'Engineers are the heart of the ship'

Base Info
Gas Turbine System Electrical Technician 1st Class Jason Calata (center) sits between Capt. Steven Wieman, commanding officer of Naval Air Facility (NAF) Atsugi, and Command Master Chief Carlton Duncan during the filming of the weekly Captain’s Call. Calata was recognized as Sailor of the Week during the show’s filming in the NAF Atsugi Public Affairs Studio. Sailor of the Week is a title granted to a different Sailor each week who has shown exemplary skill and work ethic on board NAF Atsugi.
Gas Turbine System Electrical Technician 1st Class Jason Calata (center) sits between Capt. Steven Wieman, commanding officer of Naval Air Facility (NAF) Atsugi, and Command Master Chief Carlton Duncan during the filming of the weekly Captain’s Call. Calata was recognized as Sailor of the Week during the show’s filming in the NAF Atsugi Public Affairs Studio. Sailor of the Week is a title granted to a different Sailor each week who has shown exemplary skill and work ethic on board NAF Atsugi.

'Engineers are the heart of the ship'

by: Petty Officer 3rd Class McArthur Albert | .
NAF Atsugi | .
published: November 23, 2012

NAVAL AIR FACILITY ATSUGI - Each week Naval Air Facility Atsugi recognizes a Sailor who has shown exceptional work ethic, skill and knowledge of their craft. The Sailor, nominated by their command, is granted the title Sailor of the Week and is given a letter of recognition by the Commanding Officer of NAF Atsugi. The Sailor is also brought on as a guest along side the Commanding Officer and Command Master Chief to co-host Captain’s Call, the base’s weekly broadcast program.

This week’s Sailor of the Week is Gas Turbine System Electrician (GSE) 1st Class Jason Calata.

Calata enlisted in the U.S. Navy in 2004, two years after graduating from Oak Grove High School in San Jose California. His initial intentions were to attend a four year university and graduate with a degree in computer science, but admits to lacking the knowledge and direction he needed to pursue those goals. He said, “I wanted to graduate in that field, but I didn’t really know what to do or how to get there. I didn’t want to be like everyone else doing the same thing, so I decided to do something else.”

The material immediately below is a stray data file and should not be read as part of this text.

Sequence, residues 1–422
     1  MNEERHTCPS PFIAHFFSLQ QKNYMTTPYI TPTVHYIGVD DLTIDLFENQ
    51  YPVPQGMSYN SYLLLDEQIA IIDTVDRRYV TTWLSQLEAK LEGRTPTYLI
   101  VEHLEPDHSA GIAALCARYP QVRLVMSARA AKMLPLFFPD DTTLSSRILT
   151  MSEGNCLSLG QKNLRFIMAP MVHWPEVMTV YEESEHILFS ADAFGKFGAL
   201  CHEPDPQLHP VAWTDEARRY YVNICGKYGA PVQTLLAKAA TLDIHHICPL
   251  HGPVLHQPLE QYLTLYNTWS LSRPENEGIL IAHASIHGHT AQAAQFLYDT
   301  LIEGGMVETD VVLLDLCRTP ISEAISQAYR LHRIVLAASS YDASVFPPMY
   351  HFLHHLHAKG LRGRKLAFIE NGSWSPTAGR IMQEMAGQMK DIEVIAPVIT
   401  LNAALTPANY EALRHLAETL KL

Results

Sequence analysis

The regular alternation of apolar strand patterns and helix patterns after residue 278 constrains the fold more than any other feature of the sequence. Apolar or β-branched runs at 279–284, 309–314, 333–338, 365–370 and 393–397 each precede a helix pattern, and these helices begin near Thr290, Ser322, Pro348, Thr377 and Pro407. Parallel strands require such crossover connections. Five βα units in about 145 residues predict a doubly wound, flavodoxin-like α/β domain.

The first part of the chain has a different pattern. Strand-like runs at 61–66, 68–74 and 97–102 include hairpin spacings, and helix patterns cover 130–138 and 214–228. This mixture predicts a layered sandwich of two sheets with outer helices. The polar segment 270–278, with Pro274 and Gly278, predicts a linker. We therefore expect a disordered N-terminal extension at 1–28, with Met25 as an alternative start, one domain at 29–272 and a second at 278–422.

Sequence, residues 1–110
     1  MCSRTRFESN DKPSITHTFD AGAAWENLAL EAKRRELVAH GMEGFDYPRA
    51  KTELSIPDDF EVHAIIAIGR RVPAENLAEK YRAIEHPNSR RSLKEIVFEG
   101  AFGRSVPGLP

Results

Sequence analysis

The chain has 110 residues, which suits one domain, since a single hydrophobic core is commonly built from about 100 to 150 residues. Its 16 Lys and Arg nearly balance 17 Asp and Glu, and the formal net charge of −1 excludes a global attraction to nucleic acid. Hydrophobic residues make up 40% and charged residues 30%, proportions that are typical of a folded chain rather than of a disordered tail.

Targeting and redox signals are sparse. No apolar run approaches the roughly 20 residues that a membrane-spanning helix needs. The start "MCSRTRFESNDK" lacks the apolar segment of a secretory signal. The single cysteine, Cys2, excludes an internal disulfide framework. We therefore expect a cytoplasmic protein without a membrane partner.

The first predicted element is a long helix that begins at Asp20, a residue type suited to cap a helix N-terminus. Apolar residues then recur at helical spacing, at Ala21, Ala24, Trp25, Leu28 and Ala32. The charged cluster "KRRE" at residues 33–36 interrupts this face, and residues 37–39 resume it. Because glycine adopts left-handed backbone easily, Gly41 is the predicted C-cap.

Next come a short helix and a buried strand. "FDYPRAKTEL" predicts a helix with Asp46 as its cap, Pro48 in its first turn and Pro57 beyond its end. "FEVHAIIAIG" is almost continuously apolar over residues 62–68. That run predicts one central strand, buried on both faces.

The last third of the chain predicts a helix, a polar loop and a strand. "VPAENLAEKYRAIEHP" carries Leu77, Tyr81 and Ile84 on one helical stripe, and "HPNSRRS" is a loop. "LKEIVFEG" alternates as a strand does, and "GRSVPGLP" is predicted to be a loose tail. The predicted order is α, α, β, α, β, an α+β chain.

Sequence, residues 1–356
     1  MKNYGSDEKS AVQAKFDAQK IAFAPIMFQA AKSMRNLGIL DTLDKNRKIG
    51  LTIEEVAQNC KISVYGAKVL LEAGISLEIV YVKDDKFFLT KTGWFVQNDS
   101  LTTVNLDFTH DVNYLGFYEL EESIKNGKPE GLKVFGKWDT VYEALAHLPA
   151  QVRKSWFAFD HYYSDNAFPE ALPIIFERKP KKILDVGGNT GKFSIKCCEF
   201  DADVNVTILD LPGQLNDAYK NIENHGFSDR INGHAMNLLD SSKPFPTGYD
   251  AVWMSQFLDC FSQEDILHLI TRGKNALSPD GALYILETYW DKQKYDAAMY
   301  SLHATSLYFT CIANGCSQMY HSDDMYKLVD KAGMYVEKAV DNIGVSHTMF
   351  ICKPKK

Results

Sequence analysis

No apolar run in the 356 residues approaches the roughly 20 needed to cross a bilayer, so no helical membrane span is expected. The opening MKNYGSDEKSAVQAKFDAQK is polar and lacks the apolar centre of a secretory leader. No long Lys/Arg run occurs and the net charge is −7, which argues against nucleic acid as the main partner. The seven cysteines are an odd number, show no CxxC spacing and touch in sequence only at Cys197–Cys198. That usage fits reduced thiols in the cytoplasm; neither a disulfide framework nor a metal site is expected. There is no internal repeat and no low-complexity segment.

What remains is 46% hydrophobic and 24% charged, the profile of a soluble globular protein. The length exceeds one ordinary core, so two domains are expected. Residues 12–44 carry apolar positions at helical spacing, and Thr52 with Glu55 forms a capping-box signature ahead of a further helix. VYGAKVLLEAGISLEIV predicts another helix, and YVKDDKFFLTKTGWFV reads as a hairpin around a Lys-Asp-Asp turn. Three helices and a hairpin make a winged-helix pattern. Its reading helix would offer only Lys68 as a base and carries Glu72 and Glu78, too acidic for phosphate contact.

Although not currently working in the job of his choice, Calata’s job as a GSE allows him to handle the maintenance and repair of the ships propulsion as well as the electrical systems. He explains, “It is rewarding, but at the same time you have to get used to being the first one on the ship and the last one to leave once you pull into port.” He continues, “Someone has got to do it though, engineers are the heart of the ship and without them, nothing else would work.”

Calata explains that most of the GSE shore duty billets are given to civilian contractors, which means any Navy GSE on shore duty is usually assigned general billets. Since coming to NAF Atsugi in January of 2011, Calata worked as a building manager for bachelor housing before being transferred to the training department. His orders to NAF

Atsugi mark the first time he has been stationed on a shore base command his entire naval career.

Calata is taking advantage of this extra time and enrolled in a few college courses. He is now only a few classes shy of completing his degree. He is attending the University of Maryland University and College and plans to complete his bachelor’s degree before departing from NAF Atsugi.
“It’s going to be tough taking two or three classes at a time while working and trying to take care of the baby,”said Calata. He and his wife Caroline have been married for seven years, and are raising their daughter Miya Ellyza Calata who turns 2 years old in February.

Calata explained he is accustomed to working on frigates with a small crew of 180 passengers. Although he confesses that being on a smaller ship is a lot of hard work, he also suggests that the Frigates have more fun.

“We aren’t attached to a carrier strike group, Calata said, so we are a little more independent and able to visit more ports that the larger groups can’t go into.” He says there are things to consider on a smaller vessel, like still doing your job while being tossed about by the ocean, or trying to walk along the side of an undulating ship while getting sea sick, “We tend to have more fun in the ports to make up for all that.”

Since joining the Navy, Calata has been to Maldives, Egypt, Fiji, Jerusalem, and was actually in Samoa the day after the Tsunami.

“It was a great feeling to be a part of a humanitarian mission there and actually seeing the difference we were making helping out the people through that devastation,” said Calata.

Over all, he is happy about his decision to enlist in the U.S. Navy. However, if he could do it over again he would finish his degree first and then join the Navy as an officer. He says the Navy is something he definitely would recommend to his friends and family because of the travel, experience and opportunity it has brought to his life.

Tags: Naval Air Facility Atsugi, Base Info
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